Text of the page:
SALT LAKE CITY (ABC4) — Groceries could soon be cheaper thanks to two new bills making their way through the Utah legislature.

The texts of both of the bills say they will get rid of state tax on food and food ingredients.

Both State Representatives Rosemary Lesser, a Democrat, and Judy Rohner, a Republican, said they need their constituents to back this.

“The food tax, it’s a burden on Utahns,” said Rep. Lesser. “People are desperate for relief on food purchases and that’s what this bill hopes to accomplish.”

There are two bills, H.B. 203 and H.B. 165, both promise almost the exact same thing.

They both, if passed, would remove state tax, three percent, from food and any food ingredients.

The only tax left would be the local tax on the grocery items.

“The message from community members has been incredibly enthusiastic and that is people from all walks of life,” said Rep. Lesser.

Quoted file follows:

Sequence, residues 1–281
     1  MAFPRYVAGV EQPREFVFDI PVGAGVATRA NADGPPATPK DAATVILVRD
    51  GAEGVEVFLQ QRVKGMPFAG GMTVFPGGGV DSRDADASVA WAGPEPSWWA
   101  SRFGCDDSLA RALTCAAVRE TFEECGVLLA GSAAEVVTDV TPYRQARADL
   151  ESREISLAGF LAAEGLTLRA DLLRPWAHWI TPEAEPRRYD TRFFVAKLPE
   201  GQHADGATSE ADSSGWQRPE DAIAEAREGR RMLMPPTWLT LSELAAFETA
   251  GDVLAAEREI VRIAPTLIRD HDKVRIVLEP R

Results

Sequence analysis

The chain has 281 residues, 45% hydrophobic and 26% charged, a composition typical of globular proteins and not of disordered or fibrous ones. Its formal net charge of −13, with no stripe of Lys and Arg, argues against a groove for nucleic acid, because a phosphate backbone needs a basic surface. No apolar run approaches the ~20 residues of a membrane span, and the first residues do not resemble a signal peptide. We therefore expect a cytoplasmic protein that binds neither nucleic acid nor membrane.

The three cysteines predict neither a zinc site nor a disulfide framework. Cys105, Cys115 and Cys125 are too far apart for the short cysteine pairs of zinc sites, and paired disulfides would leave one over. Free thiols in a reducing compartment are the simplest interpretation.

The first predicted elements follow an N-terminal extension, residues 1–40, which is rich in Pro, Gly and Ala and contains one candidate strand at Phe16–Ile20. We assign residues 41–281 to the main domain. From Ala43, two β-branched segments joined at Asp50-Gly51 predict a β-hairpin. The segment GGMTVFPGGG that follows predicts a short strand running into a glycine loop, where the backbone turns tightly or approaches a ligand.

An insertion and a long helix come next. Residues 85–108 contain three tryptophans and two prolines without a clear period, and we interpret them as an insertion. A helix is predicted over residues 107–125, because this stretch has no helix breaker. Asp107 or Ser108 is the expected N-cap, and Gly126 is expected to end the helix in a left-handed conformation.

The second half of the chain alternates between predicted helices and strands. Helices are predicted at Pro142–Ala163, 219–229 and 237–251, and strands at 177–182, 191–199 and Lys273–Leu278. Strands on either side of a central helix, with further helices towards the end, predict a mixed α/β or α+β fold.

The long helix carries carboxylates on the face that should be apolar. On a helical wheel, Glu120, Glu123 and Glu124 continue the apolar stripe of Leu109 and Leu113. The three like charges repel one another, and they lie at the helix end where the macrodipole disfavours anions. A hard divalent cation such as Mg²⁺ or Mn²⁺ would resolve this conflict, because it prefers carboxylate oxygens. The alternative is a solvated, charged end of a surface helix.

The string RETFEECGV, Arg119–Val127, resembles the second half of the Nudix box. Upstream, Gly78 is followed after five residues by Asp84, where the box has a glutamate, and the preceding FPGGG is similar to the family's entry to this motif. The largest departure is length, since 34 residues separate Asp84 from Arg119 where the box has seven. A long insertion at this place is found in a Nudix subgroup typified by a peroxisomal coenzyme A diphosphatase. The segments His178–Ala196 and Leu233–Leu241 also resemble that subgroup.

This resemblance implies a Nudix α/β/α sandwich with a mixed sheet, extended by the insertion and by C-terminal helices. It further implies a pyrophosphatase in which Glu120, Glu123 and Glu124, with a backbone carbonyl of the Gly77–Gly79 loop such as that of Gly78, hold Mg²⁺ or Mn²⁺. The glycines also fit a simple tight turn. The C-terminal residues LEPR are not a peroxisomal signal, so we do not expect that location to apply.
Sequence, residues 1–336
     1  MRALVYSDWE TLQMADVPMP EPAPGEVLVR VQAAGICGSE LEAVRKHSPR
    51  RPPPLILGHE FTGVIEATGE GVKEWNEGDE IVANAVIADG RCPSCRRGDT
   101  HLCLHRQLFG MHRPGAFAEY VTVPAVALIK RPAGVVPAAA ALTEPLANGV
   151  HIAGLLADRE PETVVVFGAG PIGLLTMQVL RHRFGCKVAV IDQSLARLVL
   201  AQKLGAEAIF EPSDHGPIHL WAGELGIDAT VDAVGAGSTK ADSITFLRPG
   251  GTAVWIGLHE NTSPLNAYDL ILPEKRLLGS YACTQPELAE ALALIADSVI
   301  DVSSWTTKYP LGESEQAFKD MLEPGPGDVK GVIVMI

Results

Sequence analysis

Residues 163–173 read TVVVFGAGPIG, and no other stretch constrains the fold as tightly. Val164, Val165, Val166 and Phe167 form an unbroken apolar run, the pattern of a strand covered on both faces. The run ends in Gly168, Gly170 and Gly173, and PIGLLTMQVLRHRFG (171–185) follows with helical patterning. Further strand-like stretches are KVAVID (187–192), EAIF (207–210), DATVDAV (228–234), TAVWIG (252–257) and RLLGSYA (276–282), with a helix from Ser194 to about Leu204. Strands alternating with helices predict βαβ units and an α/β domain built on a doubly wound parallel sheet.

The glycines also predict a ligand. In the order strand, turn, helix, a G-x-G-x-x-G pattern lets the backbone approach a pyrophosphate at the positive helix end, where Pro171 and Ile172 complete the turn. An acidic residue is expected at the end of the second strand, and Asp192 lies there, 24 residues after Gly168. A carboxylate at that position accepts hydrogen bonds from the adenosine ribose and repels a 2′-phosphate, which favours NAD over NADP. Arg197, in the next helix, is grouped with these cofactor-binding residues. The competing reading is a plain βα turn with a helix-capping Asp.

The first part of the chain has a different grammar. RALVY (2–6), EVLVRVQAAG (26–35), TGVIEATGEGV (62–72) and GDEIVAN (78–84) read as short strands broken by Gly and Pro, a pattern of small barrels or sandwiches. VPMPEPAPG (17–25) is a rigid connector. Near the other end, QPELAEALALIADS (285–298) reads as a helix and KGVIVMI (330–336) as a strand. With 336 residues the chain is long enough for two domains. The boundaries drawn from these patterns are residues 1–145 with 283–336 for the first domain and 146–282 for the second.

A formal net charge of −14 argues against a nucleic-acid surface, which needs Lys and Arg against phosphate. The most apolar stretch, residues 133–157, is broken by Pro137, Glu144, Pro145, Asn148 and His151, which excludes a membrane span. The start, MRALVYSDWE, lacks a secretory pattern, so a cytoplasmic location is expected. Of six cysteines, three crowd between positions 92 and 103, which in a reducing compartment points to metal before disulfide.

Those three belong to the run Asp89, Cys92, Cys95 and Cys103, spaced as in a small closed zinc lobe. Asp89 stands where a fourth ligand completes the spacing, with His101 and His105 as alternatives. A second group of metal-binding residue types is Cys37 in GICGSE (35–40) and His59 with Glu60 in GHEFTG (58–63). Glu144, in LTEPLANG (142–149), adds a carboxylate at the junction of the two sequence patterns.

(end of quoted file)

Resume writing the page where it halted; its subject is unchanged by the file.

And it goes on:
Rep. Lesser and Rep. Rohner agree on many of the items in their bills.

Rep. Rohner sent ABC 4 this statement on why she sponsored H.B. 203:

“As one of the sponsors of the Utah 2019 Tax Referendum, the outcry from the public is they wanted to have the state food tax eliminated. I am addressing that issue.”

Rep. Lesser agreed and said she used to spend countless evenings in the grocery store talking to people about this even before she became a legislator.

“For my bill, I embrace simplicity,” said Rep. Lesser. “Just turn it off at the register. That’s when people need the money. They need the money now.”

Rep. Rohner also sounded off on if the bill will pass.

She said this in a statement to ABC4:

“At the present time, it is an uphill battle. Residents from throughout the state must reach out to their legislators and ask them to support HB203.”

The Utah Taxpayer Association also chimed in Monday and sent this to ABC 4:

“We realize it is an unpopular opinion for us to hold, but it is a bad tax policy. Eliminating the tax mostly helps the wealthy. It is the most stable revenue source for state and local governments. SNAP recipients don’t pay sales tax anyway when they buy food so you are not helping them.”

The bills still have a ways to go in the legislative process.